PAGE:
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When thought leadership goes bad: Three stages where your campaign can crumble

James Watson

What’s the worst example of thought leadership you’ve seen?

Maybe it’s a poorly conceived and badly executed report in which the research findings directly contradicted the commentary. Or an ill-timed profile piece for a company CEO which launched the day before they stood down.

It’s an interesting question. And one I found difficult to answer when it was posed to me recently – not because it was hard to think of possible contenders, but because it was a challenge to know where to start. In the race for ideas, many companies have sadly crashed and burned.

Our research into content producers and consumers shows that 73% of executives agree that bad thought leadership damages the producer’s brand reputation.

So those who get it wrong score a spectacular own goal. Rather than drawing attention to their point of view, they’ve invested funds, time and resource in helping the company be taken less seriously than before. (If you’re Donald Trump, you might take the view that all publicity is good publicity, but few organisations we know have Trump’s appetite for intellectual flexibility on the ideas front.)

No one sets out to produce a bad piece of research or content. So how and when does it all go wrong? To help answer this, I’ve identified the three different types of failure I often see:

  • Conception – what theme is chosen, and how it’s set up and framed
  • Research and production – how the research is conducted, and how the report or output is developed
  • Deployment – how the finished product is taken to market.


Probably the most common cause of failure here is ‘me-too’ thought leadership, which my colleague Peter rightly calls an oxymoron.

Many projects start out with a good idea but, all too often, others have already had that very same thought. Disappointingly, this happens with a high proportion of thought leadership reports – many of which rely on heavily traded topics such as big data, sustainability and cloud computing. One of our previous posts makes the case for a thought leadership ‘litmus test’ as a measure of what constitutes true thought leadership.

Another common issue is research that seeks to be too self-serving. Many years ago, a large Russian commodities firm wanted to commission a study on sustainability within corporate giants in Russia. In reality, while many ex-communism-era companies were and still are deeply involved in supporting communities from a social perspective, environmental concerns are rarely high up on the agenda. Unfortunately, the company commissioning the work had one goal: to prove that Russian firms were the very best at sustainability – in the world. This may have made sense from their corporate comms perspective, but it simply wouldn’t wash with the public. And the data just couldn’t back it up.

Research and production

Unfortunately, many well-conceived projects are let down by the research and production phase. Poor research execution, bad data, weak writing and a lack of insight can all afflict a project. Yet when a deadline is looming, the temptation can be to keep going and simply ‘make do’ – when someone really needs to press the pause button.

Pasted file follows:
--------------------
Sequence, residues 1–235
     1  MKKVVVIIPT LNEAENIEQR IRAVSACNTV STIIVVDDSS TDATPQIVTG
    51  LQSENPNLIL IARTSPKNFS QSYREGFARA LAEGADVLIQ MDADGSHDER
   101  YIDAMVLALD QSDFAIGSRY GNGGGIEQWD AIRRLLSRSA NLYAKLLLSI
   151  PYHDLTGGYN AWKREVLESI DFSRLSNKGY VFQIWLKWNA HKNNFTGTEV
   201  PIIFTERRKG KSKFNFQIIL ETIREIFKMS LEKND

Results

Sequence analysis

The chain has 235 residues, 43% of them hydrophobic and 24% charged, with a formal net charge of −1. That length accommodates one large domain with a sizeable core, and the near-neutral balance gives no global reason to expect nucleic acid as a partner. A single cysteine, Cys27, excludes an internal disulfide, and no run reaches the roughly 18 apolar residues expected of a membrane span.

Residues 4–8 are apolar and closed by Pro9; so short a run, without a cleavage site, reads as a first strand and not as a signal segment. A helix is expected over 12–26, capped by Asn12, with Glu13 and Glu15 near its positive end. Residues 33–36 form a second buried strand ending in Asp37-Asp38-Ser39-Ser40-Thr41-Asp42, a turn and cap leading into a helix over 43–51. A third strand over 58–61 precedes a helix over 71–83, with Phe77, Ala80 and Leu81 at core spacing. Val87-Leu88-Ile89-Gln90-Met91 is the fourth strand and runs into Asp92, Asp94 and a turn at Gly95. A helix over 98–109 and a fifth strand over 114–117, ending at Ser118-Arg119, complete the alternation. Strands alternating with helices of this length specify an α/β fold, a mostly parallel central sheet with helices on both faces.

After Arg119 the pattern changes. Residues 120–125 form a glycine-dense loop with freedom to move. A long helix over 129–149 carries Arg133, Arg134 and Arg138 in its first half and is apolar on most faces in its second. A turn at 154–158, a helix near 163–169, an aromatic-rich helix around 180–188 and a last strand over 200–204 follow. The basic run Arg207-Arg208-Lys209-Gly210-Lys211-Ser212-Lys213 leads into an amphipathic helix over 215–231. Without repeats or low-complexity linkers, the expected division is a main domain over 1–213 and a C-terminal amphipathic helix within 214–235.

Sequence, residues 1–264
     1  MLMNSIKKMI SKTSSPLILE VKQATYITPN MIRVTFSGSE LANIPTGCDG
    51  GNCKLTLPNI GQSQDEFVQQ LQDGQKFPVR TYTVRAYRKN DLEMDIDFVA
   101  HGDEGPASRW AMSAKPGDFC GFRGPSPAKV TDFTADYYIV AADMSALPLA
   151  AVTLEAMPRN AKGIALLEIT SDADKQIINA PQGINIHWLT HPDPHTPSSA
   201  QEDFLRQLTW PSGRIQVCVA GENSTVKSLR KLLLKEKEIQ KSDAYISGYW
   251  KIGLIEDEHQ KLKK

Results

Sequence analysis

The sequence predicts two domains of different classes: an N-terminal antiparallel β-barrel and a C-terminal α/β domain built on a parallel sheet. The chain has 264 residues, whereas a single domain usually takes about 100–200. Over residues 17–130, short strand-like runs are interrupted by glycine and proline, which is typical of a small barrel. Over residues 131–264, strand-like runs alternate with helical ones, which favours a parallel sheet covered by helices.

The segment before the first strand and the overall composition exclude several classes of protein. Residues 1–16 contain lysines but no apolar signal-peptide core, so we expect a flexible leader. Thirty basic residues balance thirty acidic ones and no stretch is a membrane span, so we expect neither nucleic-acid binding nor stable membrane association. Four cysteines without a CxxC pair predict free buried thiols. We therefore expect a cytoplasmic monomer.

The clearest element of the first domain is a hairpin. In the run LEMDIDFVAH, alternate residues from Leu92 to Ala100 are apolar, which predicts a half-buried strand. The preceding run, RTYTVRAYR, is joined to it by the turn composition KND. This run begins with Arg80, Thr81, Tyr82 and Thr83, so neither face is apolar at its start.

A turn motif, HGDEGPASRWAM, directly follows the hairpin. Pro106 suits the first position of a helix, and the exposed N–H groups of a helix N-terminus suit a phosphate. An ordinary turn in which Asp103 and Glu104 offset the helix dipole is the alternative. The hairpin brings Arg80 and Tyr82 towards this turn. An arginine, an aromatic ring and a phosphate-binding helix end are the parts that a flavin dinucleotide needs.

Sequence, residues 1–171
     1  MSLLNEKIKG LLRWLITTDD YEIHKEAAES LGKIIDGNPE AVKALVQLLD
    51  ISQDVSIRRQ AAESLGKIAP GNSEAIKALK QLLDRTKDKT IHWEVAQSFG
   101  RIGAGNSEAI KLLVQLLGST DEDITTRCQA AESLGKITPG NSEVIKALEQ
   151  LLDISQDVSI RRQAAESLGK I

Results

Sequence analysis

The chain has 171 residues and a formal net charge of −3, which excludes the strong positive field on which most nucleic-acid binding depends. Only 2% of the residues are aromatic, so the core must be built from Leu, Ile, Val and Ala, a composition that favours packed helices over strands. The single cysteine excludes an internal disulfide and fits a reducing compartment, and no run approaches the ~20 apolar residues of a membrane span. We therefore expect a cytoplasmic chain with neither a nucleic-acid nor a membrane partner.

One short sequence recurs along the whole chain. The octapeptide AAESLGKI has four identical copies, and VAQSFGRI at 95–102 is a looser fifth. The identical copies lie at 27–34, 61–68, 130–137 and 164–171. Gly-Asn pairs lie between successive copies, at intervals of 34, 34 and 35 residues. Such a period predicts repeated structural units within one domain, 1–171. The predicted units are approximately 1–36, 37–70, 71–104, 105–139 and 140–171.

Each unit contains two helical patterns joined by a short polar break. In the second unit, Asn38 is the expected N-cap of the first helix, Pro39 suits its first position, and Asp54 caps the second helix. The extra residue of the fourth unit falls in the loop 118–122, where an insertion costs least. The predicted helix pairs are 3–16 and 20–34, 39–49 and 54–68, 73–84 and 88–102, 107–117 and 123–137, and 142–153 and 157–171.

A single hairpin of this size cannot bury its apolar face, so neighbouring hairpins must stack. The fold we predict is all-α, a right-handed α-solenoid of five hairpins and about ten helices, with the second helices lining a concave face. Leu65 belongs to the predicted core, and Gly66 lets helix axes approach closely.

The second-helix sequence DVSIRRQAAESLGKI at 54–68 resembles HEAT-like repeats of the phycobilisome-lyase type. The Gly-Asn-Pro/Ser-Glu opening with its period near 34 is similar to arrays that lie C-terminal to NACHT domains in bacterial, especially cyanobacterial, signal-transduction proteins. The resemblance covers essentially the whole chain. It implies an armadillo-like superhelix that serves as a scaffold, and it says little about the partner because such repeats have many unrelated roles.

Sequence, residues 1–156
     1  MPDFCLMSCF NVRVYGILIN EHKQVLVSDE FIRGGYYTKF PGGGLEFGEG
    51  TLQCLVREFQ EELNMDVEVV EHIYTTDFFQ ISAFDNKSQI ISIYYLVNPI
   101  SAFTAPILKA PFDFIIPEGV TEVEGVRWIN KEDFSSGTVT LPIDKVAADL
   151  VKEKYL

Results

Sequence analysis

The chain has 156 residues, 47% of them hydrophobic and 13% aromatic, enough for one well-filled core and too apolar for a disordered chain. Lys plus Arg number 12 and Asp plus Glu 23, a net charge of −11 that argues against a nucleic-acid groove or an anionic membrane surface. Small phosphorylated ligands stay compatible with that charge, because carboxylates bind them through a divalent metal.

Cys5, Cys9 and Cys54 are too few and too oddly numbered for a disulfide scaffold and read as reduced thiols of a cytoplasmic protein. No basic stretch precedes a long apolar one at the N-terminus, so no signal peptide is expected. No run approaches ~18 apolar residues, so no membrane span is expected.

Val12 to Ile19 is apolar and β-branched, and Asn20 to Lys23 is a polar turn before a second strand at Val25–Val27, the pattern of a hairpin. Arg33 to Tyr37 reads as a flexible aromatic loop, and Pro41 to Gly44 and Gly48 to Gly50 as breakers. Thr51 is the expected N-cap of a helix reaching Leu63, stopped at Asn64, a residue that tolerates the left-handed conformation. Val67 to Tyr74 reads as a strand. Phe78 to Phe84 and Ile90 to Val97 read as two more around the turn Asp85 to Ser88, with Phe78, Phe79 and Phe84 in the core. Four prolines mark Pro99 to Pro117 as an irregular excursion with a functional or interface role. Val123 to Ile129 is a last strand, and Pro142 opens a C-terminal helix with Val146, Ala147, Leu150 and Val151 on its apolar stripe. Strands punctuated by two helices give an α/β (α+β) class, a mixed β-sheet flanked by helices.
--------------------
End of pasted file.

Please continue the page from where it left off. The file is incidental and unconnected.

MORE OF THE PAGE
A study from a global tax and audit firm we reviewed looked great on the surface. It had interesting viewpoints, it was authoritative and it was well presented, with clear charts and in-depth analysis of the underlying data, including various data segmentations. Until we saw the sample size hidden away at the back: 13 respondents. The illusion was shattered.

Quite often, the reverse is true. Companies produce great insights, but the packaging is bad. It might have started out well, but the end result looks terrible – or it’s boring, which is equally damaging. Great design isn’t cheap, but I can assure you that bad design is even more expensive in the long run when it comes to ROI.


Finally, there’s deployment failure. You might have a great piece of content or research, but it isn’t delivered properly or taken to market effectively. And what’s the use of a dedicated ad campaign that is designed to drive traffic to your shiny new insights if the trigger doesn’t work as planned?

More commonly, great content outputs are let down by companies adopting a mechanical approach to the activation process and not tailoring the experience. The team leading on execution simply goes through the motions, checking items off the list one at a time. Press release issued? Check. Uploaded to website? Check. Twitter? Check. OK, it’s out.

This is hardly the path to successful thought leadership deployment. As one senior marketer explained in a workshop we ran earlier this year, “When it comes to thought leadership, the creation of the asset is just 20% of my job – It’s the deployment that sucks up the remaining 80% of my energy”.

Completing the report is just the start of a successful campaign. Treating it as the last lap is perhaps the most avoidable failure of all.

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About the author: James Watson

James oversees project delivery and all the processes involved. In this role, he helps manage and coordinate the research, editorial and project management teams in order to deliver high quality thought leadership campaigns.

As an editor, he has over 15 years of experience in both business journalism and research. Some of his specialist areas of coverage include IT and technology, urban issues, energy and sustainability. Prior to co-founding FT Longitude, James spent five years at the Economist Group in the UK. Earlier, he worked in both South Africa and Singapore, reporting on the dot com boom (and bust). He is now based in Zurich, Switzerland.

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